It is increasingly clear that climate change represents a significant threat to our way of life. While not undisputed, evidence that the present trend of carbon emissions will result in significant warming that will impose considerable economic, environmental, and social costs is compelling and getting stronger every year. It is an open question whether and how existing institutions will respond.
Over the past few years, a growing movement has called on investors, including institutions of higher learning, to divest their endowment funds of companies that produce fossil fuels. While a few large institutions such as Stanford and Harvard have rejected full divestment in favor of vague commitments to make their endowment investments carbon-free sometime in the future, most of the other schools with multibillion-dollar endowments have thus far said no to divestment outright. It is the schools with the smaller endowments and that can least afford it that are acting on this.
While well-meaning, these calls are unlikely to result in positive change and will most likely lead to smaller revenue for the intended beneficiaries of these endowments. Fund managers should continue to manage the funds entrusted to them to maximize the long-term risk-adjusted return, giving colleges maximum flexibility to meet the challenges of tomorrow. Those concerned about greater climate warming can have a greater impact by using ownership in these companies to press them to take advantage of the inevitable changes.
Smaller revenues would be especially painful in the short term for colleges and universities, as the coronavirus presents many colleges with an existential threat. The last several years have seen a growing number of smaller colleges forced to close down, unable to respond to demographic and financial challenges. National lockdowns have only increased the threats, significantly reducing college revenues even as they increase expenses. Michael Horn, an education professor at Harvard, forecasts that as many as one-fourth of all institutions might cease to exist as independent entities in the next decade — and that was before the pandemic.
In such a climate it is misguided to ask universities to focus on anything other than income and their students when managing their endowments. After all, most institutions do not have large endowments to fall back on: According to the American Council on Education, the vast majority of endowment wealth lies in the hands of a few of the top colleges. Fifty-three percent of private institutions have endowments of less than $10 million, and the median at private colleges and universities is $7.9 million. Only 62 institutions have endowments of over $1 billion.
Given their wealth, it may be tempting to demand these schools sacrifice some of it to pursue other goals, such as saving the planet from catastrophic warming, but it would still be unwise. For one thing, state laws, such as the Uniform Prudent Management of Institutional Funds Act, often restrict a trustee’s discretion to act on motives other than yield.
More broadly, university endowments represent a compact between donors, the institution and future students. The vast number of supporters presumably donate to colleges to support the education of current and future students. Investment strategy and political causes are presumably not major concerns. Using these funds to pursue social causes that donors may not approve of and that lessen the impact of their gifts could reduce future donations.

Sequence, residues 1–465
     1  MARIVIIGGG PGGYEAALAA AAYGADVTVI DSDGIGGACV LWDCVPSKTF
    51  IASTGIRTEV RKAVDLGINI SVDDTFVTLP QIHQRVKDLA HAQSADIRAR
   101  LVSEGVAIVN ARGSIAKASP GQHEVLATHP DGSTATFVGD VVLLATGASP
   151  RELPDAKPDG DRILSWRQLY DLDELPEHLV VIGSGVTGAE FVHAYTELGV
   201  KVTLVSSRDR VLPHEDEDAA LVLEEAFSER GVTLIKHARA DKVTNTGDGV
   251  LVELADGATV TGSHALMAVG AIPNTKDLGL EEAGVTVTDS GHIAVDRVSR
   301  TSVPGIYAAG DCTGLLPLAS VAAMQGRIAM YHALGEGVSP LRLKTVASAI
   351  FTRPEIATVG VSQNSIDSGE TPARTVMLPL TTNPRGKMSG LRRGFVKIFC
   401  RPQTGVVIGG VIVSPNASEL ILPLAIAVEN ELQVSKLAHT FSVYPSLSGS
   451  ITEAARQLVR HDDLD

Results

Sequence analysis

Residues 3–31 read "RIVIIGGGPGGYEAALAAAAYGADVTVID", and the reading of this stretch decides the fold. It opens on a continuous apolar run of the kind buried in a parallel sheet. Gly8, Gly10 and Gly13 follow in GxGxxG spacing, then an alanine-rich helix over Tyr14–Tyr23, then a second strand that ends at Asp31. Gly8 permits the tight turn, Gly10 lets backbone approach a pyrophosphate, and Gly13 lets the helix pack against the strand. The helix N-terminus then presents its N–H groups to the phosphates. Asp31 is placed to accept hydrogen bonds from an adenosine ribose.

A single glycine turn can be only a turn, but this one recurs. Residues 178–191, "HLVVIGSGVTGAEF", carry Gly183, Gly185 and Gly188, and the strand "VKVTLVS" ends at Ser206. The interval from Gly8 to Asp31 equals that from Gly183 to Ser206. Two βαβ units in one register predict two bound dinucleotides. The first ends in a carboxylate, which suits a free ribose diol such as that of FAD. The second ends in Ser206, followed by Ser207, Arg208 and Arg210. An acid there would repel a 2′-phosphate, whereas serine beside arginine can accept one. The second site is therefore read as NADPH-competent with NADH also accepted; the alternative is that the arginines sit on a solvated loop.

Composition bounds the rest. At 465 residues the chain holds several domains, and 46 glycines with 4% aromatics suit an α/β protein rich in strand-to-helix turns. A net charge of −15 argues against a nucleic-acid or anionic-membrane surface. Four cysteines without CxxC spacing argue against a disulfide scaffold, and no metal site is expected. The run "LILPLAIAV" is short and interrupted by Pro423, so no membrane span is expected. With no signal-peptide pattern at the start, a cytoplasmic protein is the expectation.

Another perspective is that universities hold their endowments in trust for students. A decision to accept lower returns in order to put pressure on oil companies would violate this trust while opening the door to various other politically motivated pressures to weaponize the endowment in the pursuit of various other social goals.
Energy stocks are especially attractive to investors because they have a long history of steady dividends that are presently significantly higher than Treasury yields. This does not mean institutions should always own energy stocks: If the companies fail to pursue good management practices in the face of growing concern about climate change or if governments enact policies that reduce profits in the sector, fund managers will have to reassess their portfolios.
Divestiture would also be ineffective. Divested shares would be quickly purchased by other investors more concerned with profit than with politics. As a result, companies are unlikely to feel any pressure to change their policies or business models.
Oil companies are perfectly aware that the world is changing and are trying to adjust as well. Some of them, like Shell, are attempting to diversify their energy production portfolio to include more renewable fuels, while others remain focused on improving productivity and preparing for a future that likely includes some sort of carbon tax.
But the growing use of financial markets to pursue political goals is ultimately counterproductive, and it imposes considerable ancillary costs on people who can least afford it — in this case the students who depend on the financial aid and other assistance afforded by a school’s endowment. Students who want to effect change need to do the hard work of convincing both company management and the general public to support policies to lower emissions and increase adaptation to warming. This requires sustained effort and a willingness to engage in constructive dialogue with people that see the world from a different perspective. The strong history of liberal education should make universities ideal places for such an effort.
Joseph V. Kennedy is president of Kennedy Research LLC and a senior fellow with the Information Technology and Innovation Foundation. The views expressed here represent his own and should not be attributed to any organization.
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